I’m sitting on the floor in meditation.
My legs are folded underneath me; my back is straight, eyes are closed.
The sound of water and birds and the dog snoring are all perfect backdrops to this “oh so calm” picture, and as my breath rises and falls, my mind focuses on the great question: whether or not I should go and get chocolate.
I don’t imagine this would be such a big deal if it weren’t for the self-imposed chocolate fast I’d decided to do for the next four weeks. After months of persistent effort establishing a practice of daily chocolate consumption, I’d decided I was at saturation point.
So now, in the wake of this decision, I was being reminded of how the mind rebels when we impose such rules upon ourselves. This was something I had experienced many times before, having done numerous different cleanses, detoxes and other types of diets, from juice cleanses to brown rice diets and everything in between. Some had been more enjoyable than others, but they all had some lessons to be learned amongst the green juices and sprouts.
Being someone who has a teeny issue with control at times, these restrictive diets have a certain appeal, along with the promise of glowing health and unabated happiness. And yet, over time, I’ve noticed a gnawing feeling of something missing. I realised I’d become lost in all the rules and restrictions and being a bit serious about life. The idea is that the tougher, stronger, fitter and more able to resist temptation we are, the better.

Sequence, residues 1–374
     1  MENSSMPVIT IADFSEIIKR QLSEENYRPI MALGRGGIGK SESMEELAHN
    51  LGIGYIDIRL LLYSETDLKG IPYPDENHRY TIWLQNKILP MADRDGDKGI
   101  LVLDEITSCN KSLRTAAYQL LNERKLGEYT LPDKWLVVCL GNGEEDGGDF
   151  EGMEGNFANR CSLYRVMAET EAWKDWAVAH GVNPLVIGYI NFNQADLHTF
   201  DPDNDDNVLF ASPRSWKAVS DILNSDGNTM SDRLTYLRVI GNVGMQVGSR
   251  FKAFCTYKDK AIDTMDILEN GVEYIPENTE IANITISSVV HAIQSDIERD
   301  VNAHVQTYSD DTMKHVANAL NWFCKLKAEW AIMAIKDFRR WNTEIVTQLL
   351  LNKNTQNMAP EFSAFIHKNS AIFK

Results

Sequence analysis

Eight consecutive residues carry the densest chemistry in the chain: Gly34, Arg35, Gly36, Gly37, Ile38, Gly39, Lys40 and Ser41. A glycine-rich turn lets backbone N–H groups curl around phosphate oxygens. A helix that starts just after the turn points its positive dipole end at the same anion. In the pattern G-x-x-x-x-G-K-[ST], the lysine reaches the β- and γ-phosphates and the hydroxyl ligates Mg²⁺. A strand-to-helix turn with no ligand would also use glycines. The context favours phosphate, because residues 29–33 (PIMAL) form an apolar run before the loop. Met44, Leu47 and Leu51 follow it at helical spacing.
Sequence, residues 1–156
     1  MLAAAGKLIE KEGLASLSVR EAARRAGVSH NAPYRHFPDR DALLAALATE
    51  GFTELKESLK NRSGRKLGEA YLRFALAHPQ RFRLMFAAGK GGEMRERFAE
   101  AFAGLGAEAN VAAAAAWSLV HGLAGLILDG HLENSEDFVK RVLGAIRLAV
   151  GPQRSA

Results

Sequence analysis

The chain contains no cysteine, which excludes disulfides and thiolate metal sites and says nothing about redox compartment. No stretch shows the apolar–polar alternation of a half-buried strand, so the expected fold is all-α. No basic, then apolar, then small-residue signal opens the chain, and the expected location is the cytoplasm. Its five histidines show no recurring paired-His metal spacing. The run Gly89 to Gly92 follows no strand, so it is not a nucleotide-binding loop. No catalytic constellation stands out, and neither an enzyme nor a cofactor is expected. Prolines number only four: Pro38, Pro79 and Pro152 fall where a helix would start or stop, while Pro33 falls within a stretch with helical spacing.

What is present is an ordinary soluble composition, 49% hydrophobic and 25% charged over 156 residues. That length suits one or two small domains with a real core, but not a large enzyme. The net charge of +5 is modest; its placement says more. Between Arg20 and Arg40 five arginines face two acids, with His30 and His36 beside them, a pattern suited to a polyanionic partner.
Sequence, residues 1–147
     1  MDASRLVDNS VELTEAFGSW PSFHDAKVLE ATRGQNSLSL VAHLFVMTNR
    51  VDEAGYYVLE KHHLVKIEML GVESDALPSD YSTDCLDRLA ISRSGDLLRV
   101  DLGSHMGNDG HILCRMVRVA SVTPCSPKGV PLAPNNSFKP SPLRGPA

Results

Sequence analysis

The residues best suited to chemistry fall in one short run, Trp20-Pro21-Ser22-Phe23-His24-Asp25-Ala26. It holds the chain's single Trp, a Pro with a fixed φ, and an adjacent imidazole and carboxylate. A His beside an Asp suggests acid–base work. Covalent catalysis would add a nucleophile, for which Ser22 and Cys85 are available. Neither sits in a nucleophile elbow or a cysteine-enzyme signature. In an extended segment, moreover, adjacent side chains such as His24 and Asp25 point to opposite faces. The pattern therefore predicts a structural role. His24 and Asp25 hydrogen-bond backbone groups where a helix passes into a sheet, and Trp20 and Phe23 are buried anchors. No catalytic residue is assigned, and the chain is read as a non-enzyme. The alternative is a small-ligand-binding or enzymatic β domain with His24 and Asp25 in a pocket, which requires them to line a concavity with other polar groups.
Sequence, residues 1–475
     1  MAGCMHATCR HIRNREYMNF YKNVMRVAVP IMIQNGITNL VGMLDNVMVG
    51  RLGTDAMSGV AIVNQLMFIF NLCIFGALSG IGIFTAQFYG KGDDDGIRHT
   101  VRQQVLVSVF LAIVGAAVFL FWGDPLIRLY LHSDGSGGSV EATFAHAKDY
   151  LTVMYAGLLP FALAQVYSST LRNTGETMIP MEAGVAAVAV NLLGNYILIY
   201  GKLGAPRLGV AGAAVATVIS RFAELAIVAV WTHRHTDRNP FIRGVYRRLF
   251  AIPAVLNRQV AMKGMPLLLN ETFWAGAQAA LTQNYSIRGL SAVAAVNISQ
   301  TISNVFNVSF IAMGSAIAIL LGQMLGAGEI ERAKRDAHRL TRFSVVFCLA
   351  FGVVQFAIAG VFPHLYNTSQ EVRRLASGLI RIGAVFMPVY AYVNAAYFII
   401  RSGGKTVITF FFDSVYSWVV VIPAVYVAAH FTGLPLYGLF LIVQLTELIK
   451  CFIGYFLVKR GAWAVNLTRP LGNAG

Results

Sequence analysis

But I found I was lacking inspiration. The softer, more intuitive side of life had been pushed into the background by the mighty force of diet dogma.
In this frame of mind, it is all to easy to forget to appreciate the details of life. The bodies of alfalfa sprouts huddling together in their container in the fridge. The brilliant purple of fermenting beetroot sitting in a jar on the bench. The first ray of sunlight breaking through the window and distracting us as we sit at our desks, brows furrowed, worrying about what we’ll have for lunch.
There is this idea in Tibetan Buddhism of the “hungry ghost.” A being that is never satisfied, always hungry for more. Appreciating the simple details of each moment is an antidote to this. What better place to start than at the table.
I’ve heard it described as the ‘”Zen of Eating.” It is a way of eating—and being—that is relaxed, gentle and kind. It’s not hurrying to the next thing before the current one is finished. You can’t force this way of being—that’s not its style, but it is open to each of us in every moment. When we are quiet, and we breathe, we can feel its peaceful presence, waiting to be embraced.
And so I sit with my eyes closed.
It doesn’t answer the question of whether to get the chocolate or not to get the chocolate, but maybe I’m not asking the right question.
Love elephant and want to go steady?
Apprentice Editor: Guenevere Neufeld / Editor: Renée Picard
Photo: Mike Gifford / Flickr